Resumé Do’s and Dont’s

How to Avoid getting “110’ed”

Whether you’re putting your first real CV together or revising it for a specific job there’s almost always room for improvement. The sad reality is despite the countless resources available online there are still far too many terrible resume’s floating around. I like to imagine these end up being burned as fuel for Kanye West’s yacht while he revels in the failure of others. Here are some simple tips for ensuring your resume portrays you as an amateur professional, not a professional amateur. Don’t be Kanye’s boat fuel.

DO: Attach a cover letter written specifically for the job you’re applying for.

DO NOT: Attach a generic summary of your resume.

If the job you’re applying for is one for which a cover letter is expected, do it right. A sub-par cover letter can put a kibosh on even the most pristine resume. Take your time and be specific. A cover letter should be the “why” to your resume’s “what”. Outline the skills and experiences you’ve acquired through your past work history and how they are directly relevant for the position you’re seeking. Above all your cover letter should tell the reader WHY they should hire you. As you write it, imagine your potential employer is a five year old who keeps asking “why?” over and over again until your answer is as direct and concise as possible. Then imagine them playing trucks with the rest of the company executives because trucks are fun.

DO: Print your resume and cover letter on plain white paper or light card stock.

DO NOT: Add unnecessary colour or other gimmicks.

“But I want my resume to stand out!” Great. Make it stand out on its own merit. Gimmicks like coloured paper, text, or pictures are not only unprofessional, they suggest to potential employers that you’re attempting to compensate for a poor resume with visual appeal. You should be trying to convey that you are the best person for the job, not the brightest piece of paper in their filing cabinet. Personality is great, but save it for the interview.

DO: Include relevant experience and education in your resume.

DO NOT: Include ALL experience and education in your resume.

Your resume should have two pages: one for experience and one for references. Employers are not stupid. They know when sawdust is being added to make the hamburger meat go further. Be concise and direct, and include only past experience and education that is actually applicable to the job for which you’re applying. If you find yourself with too much relevant information for one page, high five! Narrow it down to the most pertinent. If you’re struggling to fill a page try fleshing out your previous positions by describing your responsibilities at each one. DO NOT under ANY circumstances include something like “Hobbies and Interests” to fill space. On that note you can probably leave “Objective” off as well. You’re applying for a job because you want a job. Boom.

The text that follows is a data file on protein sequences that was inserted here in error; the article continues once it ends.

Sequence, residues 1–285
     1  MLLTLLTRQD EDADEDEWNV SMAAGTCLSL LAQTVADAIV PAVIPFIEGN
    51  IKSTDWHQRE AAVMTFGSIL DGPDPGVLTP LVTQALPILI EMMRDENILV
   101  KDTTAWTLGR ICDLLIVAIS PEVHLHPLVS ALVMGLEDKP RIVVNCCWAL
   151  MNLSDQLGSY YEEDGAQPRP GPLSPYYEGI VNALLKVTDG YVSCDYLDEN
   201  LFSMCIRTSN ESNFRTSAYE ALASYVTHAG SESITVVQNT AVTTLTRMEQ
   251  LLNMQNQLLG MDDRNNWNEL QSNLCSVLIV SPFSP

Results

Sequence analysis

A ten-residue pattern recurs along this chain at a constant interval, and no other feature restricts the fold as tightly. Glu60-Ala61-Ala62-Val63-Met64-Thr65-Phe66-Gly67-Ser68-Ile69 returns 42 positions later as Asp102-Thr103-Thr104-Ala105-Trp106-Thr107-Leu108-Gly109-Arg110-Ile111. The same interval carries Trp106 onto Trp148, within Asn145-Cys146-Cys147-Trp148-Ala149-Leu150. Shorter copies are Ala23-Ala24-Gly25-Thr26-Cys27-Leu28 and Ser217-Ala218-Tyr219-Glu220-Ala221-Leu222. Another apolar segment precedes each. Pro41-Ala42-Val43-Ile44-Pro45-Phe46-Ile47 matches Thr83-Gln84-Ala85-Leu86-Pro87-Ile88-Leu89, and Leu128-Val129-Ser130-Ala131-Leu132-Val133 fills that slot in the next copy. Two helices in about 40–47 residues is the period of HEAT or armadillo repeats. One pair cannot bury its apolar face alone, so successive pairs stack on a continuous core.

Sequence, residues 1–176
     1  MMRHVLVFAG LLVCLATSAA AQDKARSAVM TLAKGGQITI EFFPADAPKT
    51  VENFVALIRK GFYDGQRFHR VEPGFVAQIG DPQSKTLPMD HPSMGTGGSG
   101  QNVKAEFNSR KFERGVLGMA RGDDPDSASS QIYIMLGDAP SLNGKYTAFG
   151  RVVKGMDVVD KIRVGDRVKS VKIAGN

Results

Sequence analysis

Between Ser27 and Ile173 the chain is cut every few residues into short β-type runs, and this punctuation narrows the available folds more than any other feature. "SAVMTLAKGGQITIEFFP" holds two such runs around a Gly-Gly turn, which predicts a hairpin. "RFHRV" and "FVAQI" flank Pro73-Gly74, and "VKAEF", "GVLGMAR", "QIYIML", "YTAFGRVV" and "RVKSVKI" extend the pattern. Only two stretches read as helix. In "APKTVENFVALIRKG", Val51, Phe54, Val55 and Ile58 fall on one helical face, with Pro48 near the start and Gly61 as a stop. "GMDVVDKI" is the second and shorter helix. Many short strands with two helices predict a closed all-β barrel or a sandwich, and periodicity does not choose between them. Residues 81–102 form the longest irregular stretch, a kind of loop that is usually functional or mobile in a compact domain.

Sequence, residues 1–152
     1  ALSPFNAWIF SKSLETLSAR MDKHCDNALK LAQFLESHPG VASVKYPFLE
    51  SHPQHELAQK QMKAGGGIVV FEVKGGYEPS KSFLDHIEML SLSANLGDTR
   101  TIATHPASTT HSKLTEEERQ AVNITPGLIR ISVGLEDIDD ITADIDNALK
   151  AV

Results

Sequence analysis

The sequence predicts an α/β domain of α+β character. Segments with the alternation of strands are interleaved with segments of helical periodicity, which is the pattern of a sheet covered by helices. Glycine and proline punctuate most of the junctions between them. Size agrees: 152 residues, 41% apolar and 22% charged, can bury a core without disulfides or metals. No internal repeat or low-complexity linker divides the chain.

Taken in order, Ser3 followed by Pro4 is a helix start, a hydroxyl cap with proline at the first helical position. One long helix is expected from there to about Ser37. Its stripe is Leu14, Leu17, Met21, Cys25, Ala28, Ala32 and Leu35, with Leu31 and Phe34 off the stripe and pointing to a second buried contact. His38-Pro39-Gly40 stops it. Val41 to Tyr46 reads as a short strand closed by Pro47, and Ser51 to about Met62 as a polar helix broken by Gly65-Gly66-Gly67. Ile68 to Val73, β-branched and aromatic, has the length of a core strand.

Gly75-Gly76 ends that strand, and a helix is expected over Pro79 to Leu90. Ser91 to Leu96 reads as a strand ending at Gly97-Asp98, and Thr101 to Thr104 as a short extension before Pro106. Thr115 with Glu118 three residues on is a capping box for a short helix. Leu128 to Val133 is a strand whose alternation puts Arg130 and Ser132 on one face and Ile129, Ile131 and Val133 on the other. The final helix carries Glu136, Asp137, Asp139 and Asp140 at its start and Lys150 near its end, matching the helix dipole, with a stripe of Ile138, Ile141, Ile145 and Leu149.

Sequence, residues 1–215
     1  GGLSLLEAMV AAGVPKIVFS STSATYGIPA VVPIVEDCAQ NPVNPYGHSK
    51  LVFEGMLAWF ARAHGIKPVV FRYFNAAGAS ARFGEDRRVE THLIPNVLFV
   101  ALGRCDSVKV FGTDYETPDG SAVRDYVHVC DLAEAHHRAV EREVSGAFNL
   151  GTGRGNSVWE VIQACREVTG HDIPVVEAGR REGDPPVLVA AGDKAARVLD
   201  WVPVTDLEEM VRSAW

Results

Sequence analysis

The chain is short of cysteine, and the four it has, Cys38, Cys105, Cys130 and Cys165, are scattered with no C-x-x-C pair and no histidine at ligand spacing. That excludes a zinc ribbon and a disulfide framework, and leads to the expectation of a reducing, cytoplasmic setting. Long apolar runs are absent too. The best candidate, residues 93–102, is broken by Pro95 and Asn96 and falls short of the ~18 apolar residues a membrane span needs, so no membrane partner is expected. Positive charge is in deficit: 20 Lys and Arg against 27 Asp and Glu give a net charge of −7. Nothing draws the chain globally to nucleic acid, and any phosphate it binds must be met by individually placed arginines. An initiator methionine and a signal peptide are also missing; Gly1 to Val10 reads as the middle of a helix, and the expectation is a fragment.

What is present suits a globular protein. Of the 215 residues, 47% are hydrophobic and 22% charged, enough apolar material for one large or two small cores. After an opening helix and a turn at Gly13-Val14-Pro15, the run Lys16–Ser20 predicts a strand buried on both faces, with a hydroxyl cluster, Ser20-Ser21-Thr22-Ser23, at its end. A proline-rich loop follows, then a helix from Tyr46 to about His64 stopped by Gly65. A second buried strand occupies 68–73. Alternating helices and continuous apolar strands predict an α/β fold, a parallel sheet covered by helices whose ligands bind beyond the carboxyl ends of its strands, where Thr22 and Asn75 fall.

DO: Have someone else proof your resume for spelling, grammar, word choice, and formatting.

DO NOT: Give any potential employer a resume with errors. 

Many employers will toss out a resume the second they catch a mistake. At face value this may seem a tad superficial, but it makes a lot of sense. At this point your two pieces of paper are really all a potential employer has to judge you on. A resume with any technical flaws suggests immediately that you are lazy, stupid, careless, or some combination of the three. Take your time crafting it and have someone else look it over to make sure it’s technically flawless. If you’re mass producing a generic resume (would not recommend) and catch an error after printing off a hundred copies, fix it and print a hundred more.